Based on the stories people shared, the quality of the presentations, and the feedback that both mentors and mentees provided, I believe that the students were largely engaged, took away at least one lesson, and made new connections that they can connect with in the future. 

And the mentors? How did they find the experience?

Inspiring. The students are facing an education system that they did not sign up for - Zoom and Google Class were never part of any student’s expectations of how they would go to school. Our mentors were inspired by their creative ways of adapting through this to produce impressive outputs each week, their vulnerability to let us into their virtual homes, and their openness to forming relationships with us.

Were there any surprises?

The technical implications of not being in-person gave us weekly challenges we did not anticipate. This meant we had to fly the plane as we built it. Each week consisted of taking mentor/mentee feedback onboard to improve the following week, brainstorming how to make the program engaging in ways that everyone felt comfortable with, and writing/launching the curriculum with just one week’s notice.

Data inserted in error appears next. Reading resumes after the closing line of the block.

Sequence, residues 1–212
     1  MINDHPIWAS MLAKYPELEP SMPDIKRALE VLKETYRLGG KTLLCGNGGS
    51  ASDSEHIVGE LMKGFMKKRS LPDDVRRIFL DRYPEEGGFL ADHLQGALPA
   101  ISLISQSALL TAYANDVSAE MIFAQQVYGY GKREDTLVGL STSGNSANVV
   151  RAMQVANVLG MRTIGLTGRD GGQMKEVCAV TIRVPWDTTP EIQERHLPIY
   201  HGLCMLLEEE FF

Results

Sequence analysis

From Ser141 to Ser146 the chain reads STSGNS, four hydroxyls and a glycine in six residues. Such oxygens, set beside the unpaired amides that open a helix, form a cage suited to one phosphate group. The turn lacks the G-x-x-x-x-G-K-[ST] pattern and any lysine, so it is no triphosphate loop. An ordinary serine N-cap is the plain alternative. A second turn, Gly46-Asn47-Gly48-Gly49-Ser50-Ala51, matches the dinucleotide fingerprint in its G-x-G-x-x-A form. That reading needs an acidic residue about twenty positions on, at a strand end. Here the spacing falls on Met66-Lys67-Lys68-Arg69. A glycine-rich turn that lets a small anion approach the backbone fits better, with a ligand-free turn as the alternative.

Beyond doing good, what are the benefits to companies for running the kind of mentorship program you established?

This program showed us how doing something small, but consistent, can go a long way. We got a better understanding of young people’s needs by speaking to them each week. We learned how to be creative with technical challenges that big companies like LinkedIn don’t necessarily have to face. For example –mixed levels of internet connections meant that for five weeks some mentors & mentees never saw each other. Instead, they engaged through the chat function on Zoom. Some people didn’t have access to Microsoft Powerpoint, so we let them complete the assignments using Snapchat Story or Word.